Historic Overview of the UK Islamic Finance Market

The Early Years (1996-2001)
The United Bank of Kuwait (now known as Ahli United) launched the first ever Islamic home finance product (Manzil) back in 1996, which was based on a Murabaha contract. Initially takeup of the Manzil product was slower than expected which was largely down to the unfamiliarity of the concepts amongst the British Muslim community. The bank was however assisted by the presence of a well known Islamic Finance scholar, Mufti Taqi Usmani, on their Shariah advisory board. To date Ahli United has sold nearly 1,000 such home finance plans. Ahli United was a lone provider in the Islamic home finance market in the early years and attracted a lot of criticism for being too expensive and restrictive.

The Due Diligence Period (2001-2003)

By 2001 many of the major banking institutions began to recognise the commercial potential of the global Islamic Finance market and started developing products of their own. Owing to the inflexibility of the Murabaha product the Shariah scholars allowed banks the additional choice of the Ijara contract.

Governmental Support (2003- )
The purchase and resale required for Islamic home purchases resulted in double stamp duty which significantly increased the costs of Shariah compliant financing. Under pressure from the Bank of England, numerous Islamic organisations and financial institutions, the Government lifted the double stamp duty barrier in 2003. This historic decision paved the way for many institutions to develop commercially viable home purchase products, and cemented the UK’s leading role in the global Islamic Finance industry.

The UK Islamic Finance Boom (2003- )
HSBC’s decision to launch ‘HSBC Amanah’ heralded the entry of mainstream banks into the Islamic Finance arena. Soon afterwards NatWest launched Alif Baa Taa (ABT) commercial finance based on the Murabaha model along with the Bank of Ireland. Thereafter United National Bank, Arab Banking Corporation (Al-Buraq) and Lloyds TSB all established Shariah complaint product offerings.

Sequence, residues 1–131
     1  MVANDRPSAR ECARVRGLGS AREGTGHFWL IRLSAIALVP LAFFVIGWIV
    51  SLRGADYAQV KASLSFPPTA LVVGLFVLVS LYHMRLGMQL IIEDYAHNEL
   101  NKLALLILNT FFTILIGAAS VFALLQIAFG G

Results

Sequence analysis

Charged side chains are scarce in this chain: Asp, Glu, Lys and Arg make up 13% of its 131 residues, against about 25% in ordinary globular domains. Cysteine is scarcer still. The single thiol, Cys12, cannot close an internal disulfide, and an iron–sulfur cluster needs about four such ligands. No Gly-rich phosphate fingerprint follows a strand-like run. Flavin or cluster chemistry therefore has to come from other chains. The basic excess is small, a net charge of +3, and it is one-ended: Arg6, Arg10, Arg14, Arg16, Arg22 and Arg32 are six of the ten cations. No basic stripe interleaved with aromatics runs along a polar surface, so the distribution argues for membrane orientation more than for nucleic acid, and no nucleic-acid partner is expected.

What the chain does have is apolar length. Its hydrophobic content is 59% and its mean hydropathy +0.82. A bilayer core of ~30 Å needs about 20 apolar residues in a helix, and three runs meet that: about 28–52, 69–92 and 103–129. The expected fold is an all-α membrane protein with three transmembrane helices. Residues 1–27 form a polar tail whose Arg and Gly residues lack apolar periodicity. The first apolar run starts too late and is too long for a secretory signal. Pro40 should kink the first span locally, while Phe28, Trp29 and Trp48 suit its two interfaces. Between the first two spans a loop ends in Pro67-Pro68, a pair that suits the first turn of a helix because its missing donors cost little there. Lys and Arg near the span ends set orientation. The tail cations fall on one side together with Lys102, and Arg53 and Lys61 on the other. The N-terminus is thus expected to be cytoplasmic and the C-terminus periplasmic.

Shariah scholars then devised the concept of Diminishing Musharaka (DM) that enabled
clients to buy back shares in a house from the bank at regular intervals, rather than at the end of the contract as was the case with Ijarah. The launch of DM represented the introduction of a product that could be favourably compared on cost and flexibility with conventional interest based loans. It is worth stressing DM was only achieved as a result of the experience gained from the earlier introduction of Murabaha and Ijarah.
At around the same time a unique community collective known as Ansar Finance (Manchester) started offering Islamic home finance to its members. The key difference between Ansar and just about all the other Islamic home finance providers was that Ansar’s seed finance was from its members who were mainly from the Muslim community. This won Ansar many plaudits from the Muslim community.

High Street Islamic Bank and the Musharaka Fund Launched 2004 - 2006
2004 witnessed the launch of the UK’s first stand alone bank completely based on Islamic principles - The Islamic Bank of Britain (IBB). The UK underscored its position as the first Western country to grant a licence to a fully-fledged Islamic bank. IBB initially started its product offerings with regular current and savings accounts but then rapidly moved into personal finance and is now contemplating a number of Shariah-compliant products. It has over 12 branches nationally and it is expected to grow rapidly.
The second development worth noting came in 2005 when 1st Ethical Limited launched the ‘Musharaka Fund’. This fund invited investment from the UK Muslim community and then reinvested those funds as venture finance into UK Muslim businesses such as dental practices, optical practices etc. The launch of the fund was the first serious attempt to implement pure Musharaka and move away from the concession approach favoured by the conventional banks.

London – The Global Centre for Islamic Finance (2006- )
During a landmark speech at a major international conference on Islamic Finance in June 2006, the Chancellor Gordon Brown declared his desire to see London become the international global centre for Islamic financial activity. He also fully pledged his support to any legislative changes required in ensuring a level playing for Islamic products. The FSA (Financial Services Authority) has also taken a keen interest in this area and dedicated specialist resource to help develop the requisite regulatory framework.


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  2. I am really thankful to you for this great read!! You did a very great job, keep it up.
    Thanks & Regards.
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